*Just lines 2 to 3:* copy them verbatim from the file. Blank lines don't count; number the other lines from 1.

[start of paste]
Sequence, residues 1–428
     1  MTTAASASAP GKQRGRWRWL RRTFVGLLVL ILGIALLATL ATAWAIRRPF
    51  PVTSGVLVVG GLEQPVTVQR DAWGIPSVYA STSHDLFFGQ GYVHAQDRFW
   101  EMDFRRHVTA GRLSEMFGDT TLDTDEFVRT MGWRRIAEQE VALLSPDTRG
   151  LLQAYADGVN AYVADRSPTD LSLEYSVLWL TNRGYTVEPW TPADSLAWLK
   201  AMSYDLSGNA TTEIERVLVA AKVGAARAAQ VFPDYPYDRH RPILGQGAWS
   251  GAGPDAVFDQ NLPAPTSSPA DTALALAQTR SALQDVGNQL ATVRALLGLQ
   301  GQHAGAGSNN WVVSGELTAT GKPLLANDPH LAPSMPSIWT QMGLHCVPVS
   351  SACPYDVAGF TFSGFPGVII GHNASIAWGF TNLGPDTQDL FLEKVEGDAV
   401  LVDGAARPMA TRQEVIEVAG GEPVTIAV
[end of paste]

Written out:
     1  MTTAASASAP GKQRGRWRWL RRTFVGLLVL ILGIALLATL ATAWAIRRPF
    51  PVTSGVLVVG GLEQPVTVQR DAWGIPSVYA STSHDLFFGQ GYVHAQDRFW